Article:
Spencer Percy — Two low-post offensive threats with plenty of shooters to space the floor with around them. Make no mistake, the Hawks are going to be a much more efficient offensive team without Josh Smith. The addition of Paul Millsap gives them a replacement PF for Smith that will hang around the basket more and be much more willing to draw an extra defender then kick it out – John Jenkins and Kyle Korver could both be in for inflated shooting % seasons due to the new scenery around them. Al Horford will pose the same threat to opposing defenses that Millsap will. Pick-and-rolls on this team with Jeff Teague + Paul Millsap/Al Horford are going to be fun to watch. Would not surprise me at all to see the Hawks finish as one of the top-5 most efficient offenses in the league when this season concludes – a big piece to this puzzle will hinge on how much this Mike Budenholzer offense mimics San Antonio’s, where Budenholzer comes from.
Dakota Schmidt — Front-Court. One of the biggest surprises of the 2013 offseason was how Atlanta was able to sign veteran forward Paul Millsap with a 2 year/$19 million dollar deal. The offensive duo of Millsap and Al Horford probably won’t be as electrifying as the now departed Josh Smith, but they’re some of the more efficient big men in the league.
Greg Pietras — Three-point shooting and ball movement should be a strength for the team again. They averaged the fifth-most attempts from long range last year and hit at very good clip (37.1 percent), and they retained their best shooter in Kyle Korver. They get those open looks by sharing the ball, notching the second-most assists last year while playing at an average pace. Losing Josh Smith will hurt them in that area, but incoming power forward Paul Millsap is also a willing passer.
Mathew Lewis — The front office. I love what Danny Ferry did this offseason in relinquishing the uber-frustrating Josh Smith and replacing him with arguably a better player in Paul Millsap. And he did it by committing only $19 million over two years. Al Horford and the aforementioned Millsap should form one of the best offensive front courts in the League (similar to what Millsap enjoyed in Utah). They’re surrounded by shooters and cheap assets, two things rival GM’s are always looking for in today’s NBA. I love the flexibility Atlanta has going forward.
Spencer Percy — Rebounding. Al Horford and Paul Millsap are both mediocre on the glass, and that’s being kind. Horford sported a rebounding rate of 15.7 last season, which was best for 47th in the league. Millsap, at 13.7, ranked him at 80th in the NBA. The frontcourt in Atlanta may be talented on the offensive end, but defensively + getting on the glass may be what holds Atlanta back the most this season.
Dakota Schmidt — After the departures of Joe Johnson and Josh Smith in the last two offseasons, Atlanta’s depth at the wing is definitely looking depleted as we enter the 2013-14 season. In a small role, John Jenkins looked pretty solid in his rookie season with the ability to knock down the perimeter jumper (38% from three) while being able to penetrate to the rim. The big question about Jenkins will be his ability to transition into a starting shooting guard for a playoff contending team. As another three-point threat, veteran Kyle Korver should be easily able to step in and continue to be an incredible perimeter target for Jeff Teague. After Jenkins and Korver, the combination of DeMarre Carroll, Mike Scott, Jared Cunningham fill out that spot at the wing. Carroll was an extremely solid pickup because of his defensive tenacity and ability to defend multiple positions but Scott and Cunningham are going to have to fight for an opportunity in Mike Budenholzer’s rotation.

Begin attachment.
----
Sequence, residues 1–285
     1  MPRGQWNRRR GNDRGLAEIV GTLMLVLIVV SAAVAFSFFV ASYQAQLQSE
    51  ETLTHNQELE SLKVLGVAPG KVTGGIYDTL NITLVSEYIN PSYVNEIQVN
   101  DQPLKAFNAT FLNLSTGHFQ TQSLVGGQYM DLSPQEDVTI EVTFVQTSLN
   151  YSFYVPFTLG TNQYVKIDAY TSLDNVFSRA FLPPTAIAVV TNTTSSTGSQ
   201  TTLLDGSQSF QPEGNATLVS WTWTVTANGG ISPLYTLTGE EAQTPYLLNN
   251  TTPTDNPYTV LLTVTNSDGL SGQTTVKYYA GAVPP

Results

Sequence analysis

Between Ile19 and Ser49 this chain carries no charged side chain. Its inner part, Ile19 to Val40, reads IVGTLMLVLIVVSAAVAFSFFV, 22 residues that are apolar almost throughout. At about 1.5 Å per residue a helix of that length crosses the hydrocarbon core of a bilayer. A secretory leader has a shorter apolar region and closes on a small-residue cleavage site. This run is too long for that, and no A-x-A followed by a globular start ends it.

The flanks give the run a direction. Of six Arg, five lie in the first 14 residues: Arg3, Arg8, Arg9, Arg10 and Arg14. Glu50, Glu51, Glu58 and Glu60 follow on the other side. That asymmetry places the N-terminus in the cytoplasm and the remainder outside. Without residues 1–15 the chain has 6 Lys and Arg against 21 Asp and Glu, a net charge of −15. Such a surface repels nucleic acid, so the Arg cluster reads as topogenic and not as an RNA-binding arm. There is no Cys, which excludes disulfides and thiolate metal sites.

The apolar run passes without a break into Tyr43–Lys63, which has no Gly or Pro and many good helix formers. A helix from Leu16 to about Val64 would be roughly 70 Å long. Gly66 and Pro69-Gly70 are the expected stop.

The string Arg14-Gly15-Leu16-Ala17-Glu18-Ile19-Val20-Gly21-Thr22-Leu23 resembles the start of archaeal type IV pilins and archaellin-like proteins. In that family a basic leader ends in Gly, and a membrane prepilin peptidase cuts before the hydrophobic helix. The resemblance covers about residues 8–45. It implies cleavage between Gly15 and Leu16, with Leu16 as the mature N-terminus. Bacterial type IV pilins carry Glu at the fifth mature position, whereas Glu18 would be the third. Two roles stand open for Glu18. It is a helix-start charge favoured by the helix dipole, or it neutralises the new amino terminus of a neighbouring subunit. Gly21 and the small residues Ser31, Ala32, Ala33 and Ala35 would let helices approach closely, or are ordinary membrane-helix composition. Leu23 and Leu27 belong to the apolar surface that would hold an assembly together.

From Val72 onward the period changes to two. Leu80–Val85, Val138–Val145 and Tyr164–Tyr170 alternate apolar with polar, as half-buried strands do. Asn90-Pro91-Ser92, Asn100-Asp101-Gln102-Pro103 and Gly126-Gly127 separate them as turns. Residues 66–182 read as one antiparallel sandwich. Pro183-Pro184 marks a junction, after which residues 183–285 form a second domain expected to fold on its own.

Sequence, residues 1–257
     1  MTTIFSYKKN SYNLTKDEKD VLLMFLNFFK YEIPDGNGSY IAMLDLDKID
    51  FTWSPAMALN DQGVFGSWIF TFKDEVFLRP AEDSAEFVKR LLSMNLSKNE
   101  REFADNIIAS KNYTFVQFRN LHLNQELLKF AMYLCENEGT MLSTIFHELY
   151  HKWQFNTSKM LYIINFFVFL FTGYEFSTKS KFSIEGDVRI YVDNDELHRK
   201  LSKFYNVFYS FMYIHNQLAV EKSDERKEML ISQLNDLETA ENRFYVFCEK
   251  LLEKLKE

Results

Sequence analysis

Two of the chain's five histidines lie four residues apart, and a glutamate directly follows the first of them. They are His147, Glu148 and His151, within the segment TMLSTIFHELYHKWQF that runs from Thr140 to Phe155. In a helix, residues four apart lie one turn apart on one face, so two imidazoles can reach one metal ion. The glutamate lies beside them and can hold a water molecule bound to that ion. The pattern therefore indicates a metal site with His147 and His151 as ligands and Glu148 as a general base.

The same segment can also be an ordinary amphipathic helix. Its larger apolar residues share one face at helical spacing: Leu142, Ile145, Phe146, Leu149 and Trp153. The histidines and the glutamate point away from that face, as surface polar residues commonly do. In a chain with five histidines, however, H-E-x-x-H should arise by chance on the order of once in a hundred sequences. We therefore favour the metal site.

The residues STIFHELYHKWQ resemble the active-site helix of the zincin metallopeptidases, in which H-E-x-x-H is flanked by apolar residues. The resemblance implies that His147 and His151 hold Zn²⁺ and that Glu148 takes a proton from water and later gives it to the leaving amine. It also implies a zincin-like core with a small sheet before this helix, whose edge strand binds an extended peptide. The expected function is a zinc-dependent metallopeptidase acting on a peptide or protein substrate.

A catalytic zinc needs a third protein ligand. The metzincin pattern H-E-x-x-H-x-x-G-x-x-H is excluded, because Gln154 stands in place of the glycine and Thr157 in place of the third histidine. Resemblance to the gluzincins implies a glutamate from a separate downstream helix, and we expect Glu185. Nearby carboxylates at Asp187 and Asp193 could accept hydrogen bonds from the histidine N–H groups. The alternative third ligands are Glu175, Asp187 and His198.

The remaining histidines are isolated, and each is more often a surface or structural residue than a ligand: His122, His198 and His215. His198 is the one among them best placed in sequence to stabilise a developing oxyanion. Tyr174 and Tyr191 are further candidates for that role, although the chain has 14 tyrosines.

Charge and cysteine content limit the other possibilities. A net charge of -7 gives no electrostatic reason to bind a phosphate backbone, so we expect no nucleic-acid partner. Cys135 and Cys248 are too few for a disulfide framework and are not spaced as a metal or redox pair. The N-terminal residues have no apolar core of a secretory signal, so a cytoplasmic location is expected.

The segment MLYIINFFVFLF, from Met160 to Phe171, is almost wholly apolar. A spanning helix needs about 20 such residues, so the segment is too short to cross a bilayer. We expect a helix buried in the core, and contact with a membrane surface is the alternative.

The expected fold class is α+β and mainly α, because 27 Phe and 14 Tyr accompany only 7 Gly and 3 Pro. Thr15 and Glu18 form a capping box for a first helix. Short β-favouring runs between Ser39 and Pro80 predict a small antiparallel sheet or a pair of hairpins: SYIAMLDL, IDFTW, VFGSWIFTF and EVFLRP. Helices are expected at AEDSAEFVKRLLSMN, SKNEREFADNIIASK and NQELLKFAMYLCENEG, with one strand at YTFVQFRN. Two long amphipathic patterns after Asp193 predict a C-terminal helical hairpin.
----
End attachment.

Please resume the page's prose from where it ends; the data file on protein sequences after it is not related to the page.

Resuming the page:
Greg Pietras — Despite their efficiency from long range, they didn’t have a particularly good offense last year. A big part of that was their terrible free-throw shooting; they drew fouls at a low rate (27th in FTA last year) and didn’t convert when they got them (71.5 percent). Their new additions probably won’t help them much in that regard, either.
Mathew Lewis — Star power. Horford is a very good player, but not a star. The same goes for Paul Millsap, Jeff Teague, and Lou Williams. Could the Hawks be the Denver Nuggets of the East this year? Possibly. But I would argue where they are in 2-3 years is more important.
Eastern Conference Prediction:
Spencer Percy — 6th. Atlanta will compete with Brooklyn for the 5th spot in the east, but it’s hard to see them cracking any higher than that. Even at their ceiling, can’t see them outperforming Miami, Indiana, Chicago or New York over the course of a season.
Dakota Schmidt — 6th. In a convoluted Eastern Conference, the Hawks are one of the many teams who are going to be vying for a spot between the 5th and 8th seed.
Greg Pietras — The No. 5-8 seeds all seem to be up for grabs this year, with several 2013 playoff teams detonating their rosters. The Hawks mostly stayed steady, though, and they have a good chance at keeping their slot at No. 6 (or even improving).
Mathew Lewis — 6th. The Knicks may implode and allow the Hawks to sneak up a spot to 5th but let’s leave their fans be for now. Amar’e Stoudemire is making $22 million this year so it would just be piling on.